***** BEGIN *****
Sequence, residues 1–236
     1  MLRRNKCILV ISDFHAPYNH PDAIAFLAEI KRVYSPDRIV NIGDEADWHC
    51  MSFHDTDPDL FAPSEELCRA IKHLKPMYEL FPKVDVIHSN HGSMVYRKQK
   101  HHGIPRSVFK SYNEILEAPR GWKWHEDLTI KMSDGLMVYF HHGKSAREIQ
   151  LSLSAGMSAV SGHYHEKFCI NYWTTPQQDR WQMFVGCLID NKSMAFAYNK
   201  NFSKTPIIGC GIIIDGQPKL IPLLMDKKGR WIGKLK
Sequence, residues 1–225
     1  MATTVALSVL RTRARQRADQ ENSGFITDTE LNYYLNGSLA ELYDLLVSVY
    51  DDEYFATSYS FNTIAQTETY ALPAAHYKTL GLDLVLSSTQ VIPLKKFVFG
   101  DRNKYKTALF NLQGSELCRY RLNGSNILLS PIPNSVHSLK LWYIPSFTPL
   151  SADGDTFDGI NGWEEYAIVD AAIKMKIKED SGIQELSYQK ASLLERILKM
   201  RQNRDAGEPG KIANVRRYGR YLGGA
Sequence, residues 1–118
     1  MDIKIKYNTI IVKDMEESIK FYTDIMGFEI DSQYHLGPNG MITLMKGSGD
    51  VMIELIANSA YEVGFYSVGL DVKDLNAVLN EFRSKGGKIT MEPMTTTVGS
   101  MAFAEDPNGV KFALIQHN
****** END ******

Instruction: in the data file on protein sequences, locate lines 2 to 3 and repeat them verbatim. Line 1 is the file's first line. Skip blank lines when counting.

     1  MLRRNKCILV ISDFHAPYNH PDAIAFLAEI KRVYSPDRIV NIGDEADWHC
    51  MSFHDTDPDL FAPSEELCRA IKHLKPMYEL FPKVDVIHSN HGSMVYRKQK